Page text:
Effective marketing makes a business achieve its salad days. Everything must be aligned accordingly—from the market research, to strategy, and objectives—to obtain favorable results.
All segments pass through the decision-making process, providing marketers better opportunities in the industry.
Here’s how decision making is discussed in the psychological context, and how it can be used to make effective sales presentations.
The Psychology of Decision Making
In psychology, decisions are shaped by individual preferences and behavioral characteristics, which can lead to significant biases. Commonly referred to as cognitive or psychological biases, these are tendencies to draw judgements in an illogical fashion, affecting the overall decision-making process.
A few common biases are anchoring, bandwagon, loss aversion, overconfidence, and confirmation effect. Hubspot’s Emma Snider wrote about the benefits these cognitive biases serve in sales. As a takeaway for this post, we’ll be focusing on selling with the anchoring bias.
Defining the ‘Anchoring’ Effect
You will inevitably have to weigh and compare options when making decisions. We tend to assess probabilities and take actions based on firsthand information. When presented with a new product, we create quick comparisons to something we’ve previously used. This is the anchoring effect.
The bias surfaces when one makes a judgement around the “anchor” or the basis for the decision.
How to Make Anchors Your Ally
You can never escape from hasty judgements, but you can always control them. Think of it as a “first impression” bias. There’s a big chance that your audience members might be hesitant to buy your product due to customer loyalty issues.
According to marketing psychology consultant Magda Kay, avoiding anchoring may be inevitable. These biases are often triggered unconsciously in the client’s mind. However, Kay also suggests that instead of fighting the bias, it’s better to suggest the bias to your prospects.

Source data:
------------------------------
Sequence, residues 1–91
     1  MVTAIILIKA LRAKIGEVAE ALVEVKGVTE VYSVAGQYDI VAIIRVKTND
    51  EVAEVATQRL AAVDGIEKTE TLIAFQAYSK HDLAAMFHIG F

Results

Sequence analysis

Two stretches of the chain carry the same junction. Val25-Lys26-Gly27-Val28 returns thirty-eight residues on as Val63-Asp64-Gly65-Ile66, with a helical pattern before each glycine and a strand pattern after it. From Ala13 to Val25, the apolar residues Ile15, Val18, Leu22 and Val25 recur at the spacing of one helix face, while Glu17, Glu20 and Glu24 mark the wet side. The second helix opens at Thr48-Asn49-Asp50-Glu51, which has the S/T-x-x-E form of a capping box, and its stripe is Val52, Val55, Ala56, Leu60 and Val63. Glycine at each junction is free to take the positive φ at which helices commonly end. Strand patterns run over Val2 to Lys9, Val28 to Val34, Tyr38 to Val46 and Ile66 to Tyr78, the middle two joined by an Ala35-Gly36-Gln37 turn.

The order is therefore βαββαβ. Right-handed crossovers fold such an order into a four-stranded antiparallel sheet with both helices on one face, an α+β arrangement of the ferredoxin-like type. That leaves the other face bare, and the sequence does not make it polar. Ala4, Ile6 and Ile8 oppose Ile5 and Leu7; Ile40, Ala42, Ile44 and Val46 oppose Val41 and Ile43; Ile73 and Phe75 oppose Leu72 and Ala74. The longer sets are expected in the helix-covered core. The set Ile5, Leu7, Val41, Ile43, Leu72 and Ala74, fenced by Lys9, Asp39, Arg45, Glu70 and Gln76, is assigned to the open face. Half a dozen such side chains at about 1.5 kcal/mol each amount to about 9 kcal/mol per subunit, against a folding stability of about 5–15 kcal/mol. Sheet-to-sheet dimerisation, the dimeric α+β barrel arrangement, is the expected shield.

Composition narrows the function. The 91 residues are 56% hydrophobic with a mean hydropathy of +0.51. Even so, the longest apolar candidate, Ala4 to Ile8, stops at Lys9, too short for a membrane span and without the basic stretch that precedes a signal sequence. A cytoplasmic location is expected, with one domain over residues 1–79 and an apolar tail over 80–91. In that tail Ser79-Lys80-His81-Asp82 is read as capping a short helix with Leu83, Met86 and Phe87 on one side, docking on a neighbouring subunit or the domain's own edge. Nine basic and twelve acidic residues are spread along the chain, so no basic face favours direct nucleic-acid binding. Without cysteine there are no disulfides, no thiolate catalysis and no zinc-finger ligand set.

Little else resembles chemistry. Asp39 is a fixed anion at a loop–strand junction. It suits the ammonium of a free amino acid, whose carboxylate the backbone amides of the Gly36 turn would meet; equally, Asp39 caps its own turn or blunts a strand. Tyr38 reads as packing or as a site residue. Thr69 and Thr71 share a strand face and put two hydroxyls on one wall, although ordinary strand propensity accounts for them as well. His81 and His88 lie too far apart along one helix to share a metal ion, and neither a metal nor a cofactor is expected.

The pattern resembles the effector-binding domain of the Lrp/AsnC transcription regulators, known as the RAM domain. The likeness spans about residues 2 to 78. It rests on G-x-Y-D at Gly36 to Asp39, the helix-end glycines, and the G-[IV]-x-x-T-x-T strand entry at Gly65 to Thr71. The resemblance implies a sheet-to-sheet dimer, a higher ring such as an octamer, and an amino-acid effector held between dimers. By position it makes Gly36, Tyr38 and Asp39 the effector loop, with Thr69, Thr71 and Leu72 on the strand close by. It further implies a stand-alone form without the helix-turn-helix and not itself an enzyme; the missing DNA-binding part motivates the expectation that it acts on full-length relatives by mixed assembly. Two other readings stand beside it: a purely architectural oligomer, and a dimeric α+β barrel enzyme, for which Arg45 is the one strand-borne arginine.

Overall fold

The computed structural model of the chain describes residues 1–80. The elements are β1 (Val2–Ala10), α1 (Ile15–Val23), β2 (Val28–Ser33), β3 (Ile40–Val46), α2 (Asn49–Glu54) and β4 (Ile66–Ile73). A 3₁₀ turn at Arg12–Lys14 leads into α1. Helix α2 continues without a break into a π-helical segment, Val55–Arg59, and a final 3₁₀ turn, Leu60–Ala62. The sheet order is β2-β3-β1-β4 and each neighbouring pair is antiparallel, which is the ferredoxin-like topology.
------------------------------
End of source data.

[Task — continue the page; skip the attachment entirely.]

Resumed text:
Highlight your product’s audience benefits at the very beginning of your presentation, followed by its special features. They may think of something to compare with you, but these positive associations will draw an equally positive image of you. This strategy directs your potential customers back to you despite the initial comparison, reinforcing your business in their minds, generating more leads, and increasing sales.
Also make your presentation more engaging by making use of convincing body language. Own the stage you’re in by occasionally moving around and interacting with your audience. A stiff and uninspired delivery may have good content, but unless it connects with your viewers in any way, then people might not listen.
Let Anchors Steer Your Audiences Right
However logical we all think we may be, we all have our biases. Psychological biases influence poor decision making and negative judgements, leading to missed opportunities.
Use the anchoring effect to your advantage to set a positive tone in the overall selling and buying process. Craft your presentation around it correctly, and you’ll steer your audiences in the right direction.
Kay, Magda. “How to Use Cognitive Biases for Effective Marketing.” Psychology for Marketers. n.d. Accessed August 3, 2015.
Snider, Emma. “How to Use Psychological Biases to Sell Better and Faster.” Hubspot Blogs. January 31, 2015. Accessed August 3, 2015.